Why in news?
The government has proposed changes to the e-commerce rules under the Consumer Protection Act to make the framework under which firms operate more stringent. It comes 11 months after the Government notified the Consumer Protection (E-Commerce) Rules, 2020, The latest proposals aim towards greater compliance and protecting the interests of consumers.
Before we jump into the discussion, let us know some basics about e-Commerce.
- What is e-Commerce? It simply refers to a process where commercial transactions such as buying and selling are taking place online.
- Over a period of time, not just in India but around the world also, the concept of e-Commerce has developed and it has grown at an exponential rate. With the rapid expansion of this particular industry, it has become necessary to regulate this industry.
- The United Nations General Assembly set up UNCITRAL in 1996 and it has come out with some model laws with respect to e-Commerce.
- These model laws allow the various member countries to have their own laws to regulate the e-commerce industries.
E-Commerce Regulation in India
- Based on these kind model laws, the Government of India introduced the Information Technology Act, Consumer Protection Act (specifically for e-Commerce).
- Consumer Protection Act is considered to be magna-carta in the case of Indian economy which protects the interests of consumers. The Act was introduced in 1986 and amended in the year of 2019.
- Section 94 and 101 of Consumer Protection Act, 2019 specifically deals with the ecommerce industry. The Ministry of Commerce and Industry has earlier released a few sets of rules to govern the e-commerce operators. Now, the new rules are issued by the Consumer Affairs ministry to deal with ‘unfair’ trade practices that hurt customers.
- Several proposals in the draft e-commerce rules are aimed at increasing liabilities for online retailers. Major industry bodies, including the Confederation of Indian Industry (CII), Federation of Indian Chambers of Commerce & Industry (FICCI) are expected to hold meetings with e-commerce firms and other stakeholders, to discuss amendments to the e-commerce rules.
About the Draft E-commerce rules
- Mandatory registration for e-commerce entities: Any online retailer will first have to register itself with the Department of Promotion for Industry and Internal Trade (DPIIT).
- Requiring e-commerce entities offering imported goods or services to ‘incorporate a filter mechanism to identify goods based on country of origin.
- Appointing a chief compliance officer.
- A nodal contact person for 24×7 coordination with law enforcement agencies.
- Specific flash sales or back-to-back sales “which limit customer choice, increase prices and prevent a level playing field are not allowed”.
- Govt will not seek disclosure of other flash sales from e-commerce companies.
- Introduced the concept of “fall-back liability”: The rules made the e-commerce firms liable in case a seller on their platform fails to deliver goods or services due to negligent conduct, which causes loss to the customer.
- All e-commerce entities must provide information within 72 hours on any request made by an authorised government agency, probing any breach of the law including cybersecurity issues.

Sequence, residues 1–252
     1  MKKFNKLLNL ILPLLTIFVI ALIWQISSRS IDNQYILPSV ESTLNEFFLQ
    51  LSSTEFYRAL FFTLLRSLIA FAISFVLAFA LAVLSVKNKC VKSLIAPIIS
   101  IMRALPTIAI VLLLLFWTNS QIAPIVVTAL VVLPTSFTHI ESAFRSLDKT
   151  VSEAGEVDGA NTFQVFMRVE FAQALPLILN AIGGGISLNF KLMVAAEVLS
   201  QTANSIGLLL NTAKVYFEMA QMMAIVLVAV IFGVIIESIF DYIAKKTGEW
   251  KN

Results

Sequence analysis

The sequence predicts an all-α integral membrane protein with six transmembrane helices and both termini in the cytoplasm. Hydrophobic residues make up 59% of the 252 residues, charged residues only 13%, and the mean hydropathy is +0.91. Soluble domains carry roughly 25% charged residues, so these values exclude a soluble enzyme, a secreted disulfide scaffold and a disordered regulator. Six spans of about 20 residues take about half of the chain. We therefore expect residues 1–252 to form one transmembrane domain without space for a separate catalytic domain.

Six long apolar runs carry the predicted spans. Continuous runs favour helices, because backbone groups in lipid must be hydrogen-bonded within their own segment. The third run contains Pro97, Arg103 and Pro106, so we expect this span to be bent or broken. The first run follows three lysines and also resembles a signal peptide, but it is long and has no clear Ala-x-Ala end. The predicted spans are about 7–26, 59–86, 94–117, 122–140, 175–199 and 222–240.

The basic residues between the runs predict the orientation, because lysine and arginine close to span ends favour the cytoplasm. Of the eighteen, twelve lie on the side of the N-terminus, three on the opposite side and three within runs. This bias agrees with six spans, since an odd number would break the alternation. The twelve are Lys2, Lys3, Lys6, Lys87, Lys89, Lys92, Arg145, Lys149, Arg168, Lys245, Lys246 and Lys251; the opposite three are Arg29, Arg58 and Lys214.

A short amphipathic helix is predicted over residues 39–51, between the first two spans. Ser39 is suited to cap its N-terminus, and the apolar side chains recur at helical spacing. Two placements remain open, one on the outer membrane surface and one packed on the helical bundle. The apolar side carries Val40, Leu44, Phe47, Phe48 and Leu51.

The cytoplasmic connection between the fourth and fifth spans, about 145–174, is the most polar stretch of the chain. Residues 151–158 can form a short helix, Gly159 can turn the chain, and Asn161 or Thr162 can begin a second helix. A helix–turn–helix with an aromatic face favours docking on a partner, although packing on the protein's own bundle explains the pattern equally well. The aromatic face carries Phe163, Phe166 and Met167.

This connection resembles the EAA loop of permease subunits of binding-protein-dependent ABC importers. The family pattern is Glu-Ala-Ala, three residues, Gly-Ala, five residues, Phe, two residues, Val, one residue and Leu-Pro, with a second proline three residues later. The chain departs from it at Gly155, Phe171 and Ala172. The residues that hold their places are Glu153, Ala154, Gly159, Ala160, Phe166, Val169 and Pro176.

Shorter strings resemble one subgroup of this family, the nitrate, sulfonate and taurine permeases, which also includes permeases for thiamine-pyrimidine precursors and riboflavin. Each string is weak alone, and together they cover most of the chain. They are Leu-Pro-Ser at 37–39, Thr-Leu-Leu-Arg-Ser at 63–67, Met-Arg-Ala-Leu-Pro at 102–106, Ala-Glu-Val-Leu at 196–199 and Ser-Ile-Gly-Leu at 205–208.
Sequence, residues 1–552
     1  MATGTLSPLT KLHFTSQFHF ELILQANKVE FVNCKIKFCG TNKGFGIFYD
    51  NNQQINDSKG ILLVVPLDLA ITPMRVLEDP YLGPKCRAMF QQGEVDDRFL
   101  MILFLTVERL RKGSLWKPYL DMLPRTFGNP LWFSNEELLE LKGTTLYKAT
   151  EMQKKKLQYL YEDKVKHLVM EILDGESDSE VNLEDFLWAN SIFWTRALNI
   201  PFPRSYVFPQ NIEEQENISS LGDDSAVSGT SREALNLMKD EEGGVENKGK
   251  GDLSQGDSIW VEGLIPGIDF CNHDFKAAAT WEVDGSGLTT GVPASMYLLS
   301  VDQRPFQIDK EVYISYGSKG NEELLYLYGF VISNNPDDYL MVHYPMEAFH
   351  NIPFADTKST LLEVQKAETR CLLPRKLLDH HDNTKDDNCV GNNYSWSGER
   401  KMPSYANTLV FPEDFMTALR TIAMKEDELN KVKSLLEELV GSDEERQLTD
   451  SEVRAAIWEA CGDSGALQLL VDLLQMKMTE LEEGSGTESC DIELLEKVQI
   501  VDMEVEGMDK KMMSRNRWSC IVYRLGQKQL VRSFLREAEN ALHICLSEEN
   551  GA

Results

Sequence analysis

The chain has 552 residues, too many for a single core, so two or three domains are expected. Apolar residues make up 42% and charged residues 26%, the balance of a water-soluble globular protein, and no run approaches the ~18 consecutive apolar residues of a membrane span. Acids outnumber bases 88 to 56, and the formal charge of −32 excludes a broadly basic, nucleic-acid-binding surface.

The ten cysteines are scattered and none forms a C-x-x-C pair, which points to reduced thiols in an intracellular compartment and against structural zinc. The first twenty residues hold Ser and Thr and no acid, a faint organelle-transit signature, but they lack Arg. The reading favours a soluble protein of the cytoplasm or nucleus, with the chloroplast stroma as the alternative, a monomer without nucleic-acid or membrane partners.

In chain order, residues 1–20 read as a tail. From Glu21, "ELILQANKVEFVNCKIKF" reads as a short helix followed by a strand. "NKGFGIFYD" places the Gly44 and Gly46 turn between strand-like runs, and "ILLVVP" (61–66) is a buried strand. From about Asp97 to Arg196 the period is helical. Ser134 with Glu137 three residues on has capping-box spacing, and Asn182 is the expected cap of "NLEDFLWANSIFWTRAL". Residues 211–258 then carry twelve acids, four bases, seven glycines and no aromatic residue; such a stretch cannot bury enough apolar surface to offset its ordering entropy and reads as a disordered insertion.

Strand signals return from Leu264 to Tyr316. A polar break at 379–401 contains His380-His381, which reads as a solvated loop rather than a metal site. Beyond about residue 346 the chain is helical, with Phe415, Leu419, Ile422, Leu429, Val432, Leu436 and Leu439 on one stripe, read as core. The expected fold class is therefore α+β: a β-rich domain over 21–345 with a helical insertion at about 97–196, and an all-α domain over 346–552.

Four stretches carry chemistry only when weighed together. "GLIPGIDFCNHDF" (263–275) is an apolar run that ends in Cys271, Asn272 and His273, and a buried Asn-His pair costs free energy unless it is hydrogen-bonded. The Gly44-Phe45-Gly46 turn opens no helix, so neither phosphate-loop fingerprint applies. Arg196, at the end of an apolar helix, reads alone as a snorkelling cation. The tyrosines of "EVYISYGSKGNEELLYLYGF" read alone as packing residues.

E-Commerce Models in India
- Inventory based model of e-commerce: means an e-commerce activity where inventory of goods and services is owned by e-commerce entity and is sold to the consumers directly. FDI is not permitted in inventory based model of e-commerce. Example – Grofers, E-Bay.
- Marketplace based model of e-commerce: Marketplace based model of e-commerce means providing of an information technology platform by an e-commerce entity on a digital & electronic network to act as a facilitator between buyer and seller. 100% FDI under automatic route is permitted in marketplace model of e-commerce. Example – Amazon, Flipkart.
What is the need of new set of guidelines?
- Uncompetitive trade practices: The two large e-commerce players(Amazon and Flipkart) have been contending with accusations that their pricing practices are skewed to favor select sellers on their platforms and that their discounting policies have hurt offline retailers. Further, The Competition Commission of India wants to conduct antitrust probes to investigate business practices (Amazon and Flipkart).
- The Media investigations suggest this to be the case: Internal documents from Amazon, for instance, showed that just 35 of the 400,000-odd sellers on its platform account for two-thirds of sales, suggesting that it extends preferential treatment to a handful of sellers.
- The e-commerce platforms are both players and regulators, as they provide the marketplace and also compete directly with other sellers using it. WS Retail – retail store of Flipkart. This creates a conflict of interest.
Advantages of the draft e-commerce rules
- The rules restrict e-commerce companies from “manipulating search results or search indexes”. It is a long-standing demand from sellers and traders to prevent preferential treatment to certain platforms.
- Further, the rules also mandate the logistics service provider to not provide differentiated treatment between sellers of the same category.
- The rules also protect against unfair trade practices and also against misleading advertising.
- The e-commerce companies will have to provide domestic alternatives to imported goods. This will boost made-in-India goods.
- The proposed amendments will lead to more accountability from stakeholders of e-commerce firms. The e-commerce companies need to provide an explanation on how they rank the products, which consumers can understand easily, and also create transparency.
- With mandatory registration for e-tailers with DPIIT, the fraudulent e-commerce operators can be tackled.